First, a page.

The world of finance and the technology that supports it is constantly evolving. As early as 1866, the first transatlantic cable was laid, providing an infrastructure for financial globalization. A century later, the ATM/ABM was introduced, and by 1998, banks established the first transactional websites for Internet banking. That commitment to innovation continues to drive the finance technology or “FinTech” industry at a rapid pace, as evidenced by the more recent arrival of mobile banking and smartphone payments.
Over those 150 years, technology and the modern idea of “FinTech” has transformed dramatically, changing how we think about finances. Now, smartphones help us spend, save and transfer our money with ease. Despite the benefits of new technology, America lags in FinTech adoption, ranking 10th out of 20 major global markets according to the EY FinTech Adoption Index 2017.
So, what’s keeping Americans from embracing new ways of banking? Fear is a likely culprit since people tend to be cautious, especially with their money. But that reluctance prevents consumers from accessing exciting new products and services. To help clear the way for the adoption of FinTech, perhaps we need to debunk some common misconceptions.
I don’t understand what FinTech does
FinTech is still a new concept for many, especially compared to Americans’ relationship with the big banks, which have been around for over 200 years. Marry that with an inherently loyal streak and it’s not surprising Americans cling to traditional banking norms.
But Americans should rest easy, because FinTechs aren’t changing the functions of how money is used, but rather its accessibility. For example, wire transfers originated in the 19th century, but now you can transfer money to a cousin in Italy via a smartphone. It’s fundamentally the same concept, but technology advances eliminate the need to physically visit a bank branch.
FinTech is the wild west
There’s also the misconception that FinTechs aren’t regulated. That’s simply not true. On both a federal and state level, legislation regulates the commercial relationship between FinTech companies and their customers, offering protection and peace of mind. This includes rules regarding online contracting, false, misleading or deceptive representations, and unfair practices.
Today, many federally-regulated banks, financial institutions, and intermediaries in America have adopted and embraced FinTech to improve on back-office functions and help provide customers with convenient products and services. But standing alone, some FinTech companies go a step further than banks to promote trust through transparency. For example, TransferWise, a FinTech company providing overseas money transfers, shows real exchange rates with no markups or hidden fees.
Through transparency, FinTechs hope to build consumer confidence. Paired with a strong regulatory framework and the confidence that comes from knowing federally-regulated financial institutions are using these technologies, FinTech is far from the Wild West.
My data isn’t protected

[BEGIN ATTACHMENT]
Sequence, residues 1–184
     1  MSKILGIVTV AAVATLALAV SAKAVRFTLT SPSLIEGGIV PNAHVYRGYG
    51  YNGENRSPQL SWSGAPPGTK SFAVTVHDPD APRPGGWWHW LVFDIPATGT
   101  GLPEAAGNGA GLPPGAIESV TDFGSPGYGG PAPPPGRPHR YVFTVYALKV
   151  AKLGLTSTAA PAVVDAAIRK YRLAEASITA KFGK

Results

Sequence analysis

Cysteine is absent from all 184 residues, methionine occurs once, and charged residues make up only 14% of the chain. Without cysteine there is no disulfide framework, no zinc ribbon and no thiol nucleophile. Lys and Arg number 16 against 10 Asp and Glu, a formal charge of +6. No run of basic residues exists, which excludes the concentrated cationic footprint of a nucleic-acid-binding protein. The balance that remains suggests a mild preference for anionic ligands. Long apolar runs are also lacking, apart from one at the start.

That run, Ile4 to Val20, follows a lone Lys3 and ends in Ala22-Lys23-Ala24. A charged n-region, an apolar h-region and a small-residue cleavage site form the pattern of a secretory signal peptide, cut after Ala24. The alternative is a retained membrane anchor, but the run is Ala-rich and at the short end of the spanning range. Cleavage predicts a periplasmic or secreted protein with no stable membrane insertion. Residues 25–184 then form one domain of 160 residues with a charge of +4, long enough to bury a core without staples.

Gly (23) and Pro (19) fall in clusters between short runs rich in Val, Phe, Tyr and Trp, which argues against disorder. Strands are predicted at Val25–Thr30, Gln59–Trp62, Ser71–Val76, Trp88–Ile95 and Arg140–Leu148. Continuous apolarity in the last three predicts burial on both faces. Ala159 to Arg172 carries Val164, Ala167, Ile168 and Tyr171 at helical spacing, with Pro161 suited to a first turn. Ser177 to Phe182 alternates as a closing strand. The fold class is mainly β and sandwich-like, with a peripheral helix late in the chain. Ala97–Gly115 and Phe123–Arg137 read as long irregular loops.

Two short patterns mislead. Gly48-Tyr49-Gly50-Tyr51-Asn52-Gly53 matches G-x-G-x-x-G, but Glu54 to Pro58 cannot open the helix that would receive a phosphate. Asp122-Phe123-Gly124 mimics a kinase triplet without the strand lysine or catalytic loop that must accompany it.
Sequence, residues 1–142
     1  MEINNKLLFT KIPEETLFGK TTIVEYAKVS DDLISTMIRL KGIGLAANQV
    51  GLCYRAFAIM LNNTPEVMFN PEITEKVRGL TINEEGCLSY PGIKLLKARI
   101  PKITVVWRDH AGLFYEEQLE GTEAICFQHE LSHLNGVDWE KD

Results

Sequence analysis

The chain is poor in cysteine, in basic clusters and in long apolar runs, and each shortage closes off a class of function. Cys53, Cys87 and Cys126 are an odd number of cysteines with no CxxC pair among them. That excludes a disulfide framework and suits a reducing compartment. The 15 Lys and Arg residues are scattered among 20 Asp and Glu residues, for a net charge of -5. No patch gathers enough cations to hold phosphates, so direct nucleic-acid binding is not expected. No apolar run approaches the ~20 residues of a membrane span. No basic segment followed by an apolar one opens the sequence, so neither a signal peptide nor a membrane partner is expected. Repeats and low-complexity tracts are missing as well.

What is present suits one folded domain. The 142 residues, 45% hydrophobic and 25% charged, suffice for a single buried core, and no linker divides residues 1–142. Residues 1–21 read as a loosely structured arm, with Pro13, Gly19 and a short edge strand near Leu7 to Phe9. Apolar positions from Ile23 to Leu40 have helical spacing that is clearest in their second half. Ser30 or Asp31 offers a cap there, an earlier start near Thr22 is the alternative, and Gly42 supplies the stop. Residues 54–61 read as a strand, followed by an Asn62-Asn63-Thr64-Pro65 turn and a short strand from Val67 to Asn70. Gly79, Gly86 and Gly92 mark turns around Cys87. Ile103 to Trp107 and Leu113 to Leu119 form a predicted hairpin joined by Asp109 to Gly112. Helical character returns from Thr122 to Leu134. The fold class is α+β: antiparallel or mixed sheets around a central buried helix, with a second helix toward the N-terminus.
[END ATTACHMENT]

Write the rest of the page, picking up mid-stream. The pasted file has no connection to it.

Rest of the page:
While consumers should rightfully be concerned about their personal information, it shouldn’t hinder their decision to try reputable FinTech products or services.
Because of the amount of personal information FinTech companies collect and store, many have adopted bank-level security measures and applied them to their platforms.
Consumers can also take a proactive approach by selecting FinTechs that offer robust privacy policies and encryption, as well as conduct regular security assessments and audits.
FinTechs are too complicated
This couldn’t be farther from the truth. The main selling point of any FinTech company is to make finances simpler, more convenient, more transparent and more personalized. Many people also assume FinTechs are only available via mobile, but in fact most are also available via computer—so you don’t need the latest and greatest mobile phone to access their services.
In most cases, FinTechs are known to offer better customer service than traditional players, prioritizing 24/7 access and allowing customers to engage on multiple channels, rather than in person or on the phone.
FinTechs come and go
Failure isn’t a word you hear often in the financial industry, and it’s no different for FinTechs.
Take digital payments, for instance. They continue to be built into services instead of being offered as a standalone product. As a result, many large banks are actively partnering with FinTech companies to extend those services to their customers. We see this happening in America as well as globally, where TransferWise recently became the first non-bank to become a member of the UK’s Faster Payments Scheme (FPS) and France’s Groupe BPCE’s money transfer service.
That’s just one example. FinTechs aren’t going anywhere, thanks to their ability to deliver valued enhancements to banking services, and in some cases, replace banking services completely. Given the fast pace of innovation in the FinTech field, Americans will continue to have plenty of reasons to get past their fear and embrace the convenience and added value FinTech can deliver.
Andrew Boyajian, Head of Banking at TransferWise